Suleymaniye Mosque, Istanbul
Known to Europeans as the Magnificent and to his subjects as the Lawgiver, Süleyman I was both a brilliant military strategist and an acclaimed legislator. The sultan shook the world of the 16th century as he raised the Ottoman Empire to the height of its glory from his seat in Istanbul.
Monument to a mighty ruler, Istanbul's many-domed Süleymaniye complex looks over the Golden Horn, Bosporus, and Sea of Marmara to Asia. Built in the 1550s by court architect Sinan, the mosque was surrounded by colleges, a hospital, a soup kitchen, baths, and the tombs of Süleyman and his wife, Roxelana. Istanbul—then known as Constantinople—became the seat of Ottoman power in 1453, when Süleyman's great-grandfather Mehmed II seized the Byzantine capital.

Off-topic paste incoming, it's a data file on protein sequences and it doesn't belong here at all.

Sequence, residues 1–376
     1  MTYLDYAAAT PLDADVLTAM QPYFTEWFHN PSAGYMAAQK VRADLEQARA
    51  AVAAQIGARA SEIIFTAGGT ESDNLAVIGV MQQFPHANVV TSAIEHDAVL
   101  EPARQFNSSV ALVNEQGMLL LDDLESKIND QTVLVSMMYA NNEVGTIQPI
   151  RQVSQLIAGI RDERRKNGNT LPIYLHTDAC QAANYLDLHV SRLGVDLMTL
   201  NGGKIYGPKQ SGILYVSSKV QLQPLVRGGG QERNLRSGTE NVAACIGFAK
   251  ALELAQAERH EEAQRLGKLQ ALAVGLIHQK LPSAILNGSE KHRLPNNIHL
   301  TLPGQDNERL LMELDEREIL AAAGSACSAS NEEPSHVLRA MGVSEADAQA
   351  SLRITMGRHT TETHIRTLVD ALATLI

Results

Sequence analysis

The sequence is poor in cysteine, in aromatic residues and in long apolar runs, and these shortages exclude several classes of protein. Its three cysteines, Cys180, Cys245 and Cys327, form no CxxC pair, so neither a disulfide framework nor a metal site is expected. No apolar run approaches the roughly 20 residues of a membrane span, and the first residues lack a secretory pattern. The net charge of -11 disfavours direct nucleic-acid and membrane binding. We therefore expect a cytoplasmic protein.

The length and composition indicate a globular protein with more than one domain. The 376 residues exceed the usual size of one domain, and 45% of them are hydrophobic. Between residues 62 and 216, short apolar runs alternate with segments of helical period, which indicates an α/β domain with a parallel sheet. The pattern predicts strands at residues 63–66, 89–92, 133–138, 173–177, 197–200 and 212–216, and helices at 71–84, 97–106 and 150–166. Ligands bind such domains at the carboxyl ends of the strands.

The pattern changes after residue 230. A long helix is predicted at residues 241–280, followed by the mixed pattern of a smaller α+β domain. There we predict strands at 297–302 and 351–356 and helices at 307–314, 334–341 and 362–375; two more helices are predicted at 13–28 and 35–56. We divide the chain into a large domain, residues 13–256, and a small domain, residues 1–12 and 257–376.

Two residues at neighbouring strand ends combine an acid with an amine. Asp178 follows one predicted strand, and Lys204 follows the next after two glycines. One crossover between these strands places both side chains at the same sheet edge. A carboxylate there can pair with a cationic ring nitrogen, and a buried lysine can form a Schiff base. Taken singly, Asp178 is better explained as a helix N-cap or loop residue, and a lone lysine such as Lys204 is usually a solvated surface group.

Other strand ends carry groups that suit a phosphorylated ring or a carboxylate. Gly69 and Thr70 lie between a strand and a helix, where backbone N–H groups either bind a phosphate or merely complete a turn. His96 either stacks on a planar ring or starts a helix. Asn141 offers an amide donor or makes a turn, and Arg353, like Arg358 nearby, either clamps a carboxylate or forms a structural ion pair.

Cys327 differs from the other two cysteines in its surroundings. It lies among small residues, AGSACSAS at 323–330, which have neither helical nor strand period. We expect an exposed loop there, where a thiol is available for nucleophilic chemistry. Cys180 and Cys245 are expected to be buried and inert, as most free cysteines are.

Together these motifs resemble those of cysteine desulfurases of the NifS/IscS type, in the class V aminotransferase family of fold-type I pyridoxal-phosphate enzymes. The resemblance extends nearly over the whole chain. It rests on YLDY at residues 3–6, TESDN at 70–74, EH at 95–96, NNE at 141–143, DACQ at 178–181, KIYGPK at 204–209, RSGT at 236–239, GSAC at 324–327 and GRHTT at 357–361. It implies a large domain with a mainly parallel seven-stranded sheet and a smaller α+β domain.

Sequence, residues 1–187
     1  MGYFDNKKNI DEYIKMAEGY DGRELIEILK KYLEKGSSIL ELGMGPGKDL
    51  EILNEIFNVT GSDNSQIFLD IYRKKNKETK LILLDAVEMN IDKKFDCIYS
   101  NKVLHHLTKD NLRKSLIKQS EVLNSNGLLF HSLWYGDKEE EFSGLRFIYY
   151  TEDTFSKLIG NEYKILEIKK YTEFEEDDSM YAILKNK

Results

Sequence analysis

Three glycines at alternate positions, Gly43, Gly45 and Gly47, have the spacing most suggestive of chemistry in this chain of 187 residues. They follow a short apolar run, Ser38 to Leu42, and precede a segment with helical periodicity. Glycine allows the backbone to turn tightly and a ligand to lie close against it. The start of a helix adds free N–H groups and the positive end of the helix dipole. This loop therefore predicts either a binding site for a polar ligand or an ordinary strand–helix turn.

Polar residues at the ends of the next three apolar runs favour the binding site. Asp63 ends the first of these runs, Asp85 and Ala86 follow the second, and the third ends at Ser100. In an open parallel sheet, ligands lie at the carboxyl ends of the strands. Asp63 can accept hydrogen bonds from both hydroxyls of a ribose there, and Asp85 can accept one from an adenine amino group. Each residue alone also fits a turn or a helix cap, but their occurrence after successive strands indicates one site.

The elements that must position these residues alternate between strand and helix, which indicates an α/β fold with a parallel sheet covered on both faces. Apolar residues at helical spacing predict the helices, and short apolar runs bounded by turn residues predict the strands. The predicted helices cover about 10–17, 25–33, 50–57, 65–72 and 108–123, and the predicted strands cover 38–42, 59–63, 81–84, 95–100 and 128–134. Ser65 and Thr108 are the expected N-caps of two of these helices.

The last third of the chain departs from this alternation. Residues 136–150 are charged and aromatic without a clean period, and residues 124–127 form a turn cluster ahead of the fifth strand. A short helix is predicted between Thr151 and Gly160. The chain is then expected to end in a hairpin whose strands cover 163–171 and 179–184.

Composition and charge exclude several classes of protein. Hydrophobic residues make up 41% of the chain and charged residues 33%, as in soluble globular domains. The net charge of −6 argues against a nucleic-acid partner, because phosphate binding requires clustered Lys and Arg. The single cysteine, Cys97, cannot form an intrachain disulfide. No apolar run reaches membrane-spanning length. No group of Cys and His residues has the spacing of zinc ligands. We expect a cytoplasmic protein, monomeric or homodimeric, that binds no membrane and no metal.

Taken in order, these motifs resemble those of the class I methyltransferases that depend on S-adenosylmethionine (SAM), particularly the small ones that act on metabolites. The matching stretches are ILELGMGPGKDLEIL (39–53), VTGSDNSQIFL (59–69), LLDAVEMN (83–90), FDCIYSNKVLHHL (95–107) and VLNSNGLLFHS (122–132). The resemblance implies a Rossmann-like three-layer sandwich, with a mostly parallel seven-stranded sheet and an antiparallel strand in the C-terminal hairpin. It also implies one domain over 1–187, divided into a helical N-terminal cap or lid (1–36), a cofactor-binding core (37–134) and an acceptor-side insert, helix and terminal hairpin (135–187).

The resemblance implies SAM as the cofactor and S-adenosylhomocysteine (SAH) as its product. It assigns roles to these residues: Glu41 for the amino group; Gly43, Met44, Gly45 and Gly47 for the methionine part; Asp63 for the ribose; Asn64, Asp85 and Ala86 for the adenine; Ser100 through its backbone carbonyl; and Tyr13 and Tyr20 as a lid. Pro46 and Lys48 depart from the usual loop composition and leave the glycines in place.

—From "The World of Süleyman the Magnificent," November 1987, National Geographic magazine